Over the many years of seeing patients, it is interesting how different but alike they seem. I have always been amazed that even when we can’t understand the language, we still communicate…with a smile, a twinkle or tear.

I remember a Vietnamese child wounded by a grenade. Even though I couldn’t understand what was being said, I understood the worry, fear and sorrow of the people in the village. The women cried for the child but were so thankful as we tended to him. We were different, but we were alike.

Back in Pittsburgh, when I would come out of surgery to see the patient’s family, even before I spoke, they were looking for any sign that everything is ok. Sometimes, there was a sigh or tear of relief. Sometimes, just comfort and a quiet smile.

I have met with physicians and dentists from all over the world. It is interesting how we were all different and also all alike. We would exchange ideas, share patient experiences and seek new ways to treat our patients.

While in Honduras with the International Medical Corps, a physician commander asked if I would go into town to see a little girl with a facial deformity. The MD in the town knew that the contras had MD’s treating the wounded and asked for help.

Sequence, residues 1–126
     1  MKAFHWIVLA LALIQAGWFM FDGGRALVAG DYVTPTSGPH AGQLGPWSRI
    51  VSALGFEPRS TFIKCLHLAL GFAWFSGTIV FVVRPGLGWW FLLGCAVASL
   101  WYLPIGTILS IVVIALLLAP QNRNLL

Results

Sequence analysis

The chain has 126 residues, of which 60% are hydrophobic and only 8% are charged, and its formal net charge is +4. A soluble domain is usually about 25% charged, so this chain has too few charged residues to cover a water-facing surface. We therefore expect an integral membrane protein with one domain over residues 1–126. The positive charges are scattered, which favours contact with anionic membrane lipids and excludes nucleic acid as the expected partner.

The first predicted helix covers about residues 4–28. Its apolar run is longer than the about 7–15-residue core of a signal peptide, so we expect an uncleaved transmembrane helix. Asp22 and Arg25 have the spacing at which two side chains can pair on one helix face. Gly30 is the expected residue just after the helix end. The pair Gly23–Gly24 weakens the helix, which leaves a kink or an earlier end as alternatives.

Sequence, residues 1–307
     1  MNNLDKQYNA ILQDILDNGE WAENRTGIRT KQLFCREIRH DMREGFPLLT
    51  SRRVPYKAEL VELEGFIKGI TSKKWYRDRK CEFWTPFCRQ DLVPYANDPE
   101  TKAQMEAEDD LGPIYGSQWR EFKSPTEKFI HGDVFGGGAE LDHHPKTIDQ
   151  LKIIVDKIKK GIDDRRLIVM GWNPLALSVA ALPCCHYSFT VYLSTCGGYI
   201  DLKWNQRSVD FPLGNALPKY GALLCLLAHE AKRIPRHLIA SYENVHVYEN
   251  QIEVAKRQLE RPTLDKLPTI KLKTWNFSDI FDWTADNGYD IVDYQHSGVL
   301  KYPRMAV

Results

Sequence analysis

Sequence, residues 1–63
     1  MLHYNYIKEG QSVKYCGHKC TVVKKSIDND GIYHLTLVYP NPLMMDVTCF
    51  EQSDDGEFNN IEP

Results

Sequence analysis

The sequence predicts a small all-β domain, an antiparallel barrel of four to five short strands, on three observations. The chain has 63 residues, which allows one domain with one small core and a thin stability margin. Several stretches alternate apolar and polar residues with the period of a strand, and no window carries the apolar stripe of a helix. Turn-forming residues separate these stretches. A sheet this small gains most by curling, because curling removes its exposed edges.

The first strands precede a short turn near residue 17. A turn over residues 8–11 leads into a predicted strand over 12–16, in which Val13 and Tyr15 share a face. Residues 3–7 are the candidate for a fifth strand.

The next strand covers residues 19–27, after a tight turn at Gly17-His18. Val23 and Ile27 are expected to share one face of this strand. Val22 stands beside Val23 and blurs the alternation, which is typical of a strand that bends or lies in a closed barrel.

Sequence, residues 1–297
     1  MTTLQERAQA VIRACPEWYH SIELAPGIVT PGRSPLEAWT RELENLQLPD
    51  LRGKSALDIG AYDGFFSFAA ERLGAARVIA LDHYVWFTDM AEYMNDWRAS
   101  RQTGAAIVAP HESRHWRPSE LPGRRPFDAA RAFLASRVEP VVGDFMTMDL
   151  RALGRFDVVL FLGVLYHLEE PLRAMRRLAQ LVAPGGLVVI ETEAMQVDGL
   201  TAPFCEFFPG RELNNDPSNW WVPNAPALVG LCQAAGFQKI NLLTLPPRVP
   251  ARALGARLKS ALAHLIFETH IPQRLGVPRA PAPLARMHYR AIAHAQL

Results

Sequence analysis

I saw the 12-year-old girl. Her lower jaw was enlarged and she couldn’t get the front teeth together. Her tongue hung out in front of her upper teeth. At the next visit to the contra camp, I rebuilt the lower jaw for her. I couldn’t understand what they said. We were all different. But we understood what needed to be done. We were alike.

Part of my story also depicts the non-professional similarities and differences. Have you ever noticed that if you give a couple children each a cookie how they will inspect the other’s cookie and want a piece? It’s the old, “what’s mine is mine and what’s yours is mine.”

People seem to want to keep what’s theirs and get some of yours’. I saw physicians divide up the community so that patients could only go to certain physicians. If the patient “violated the border” they couldn’t go back. But the MD that they went to visit across the border would gladly accept them.

I thought it was unprofessional. But to them, it was business as usual. They were all alike as physicians but they were different when it came to business. Or, were they all different as physicians and all alike as people?

I’m very comfortable looking back and seeing some of the antics in the profession. But they were the same in community politics and just how people interacted with one another. We are all different and we are all alike.

In my book, you will read how people interact with one another and how their interactions affect businesses, patients and people. People may want you to get ahead…but not ahead of them. We are all alike!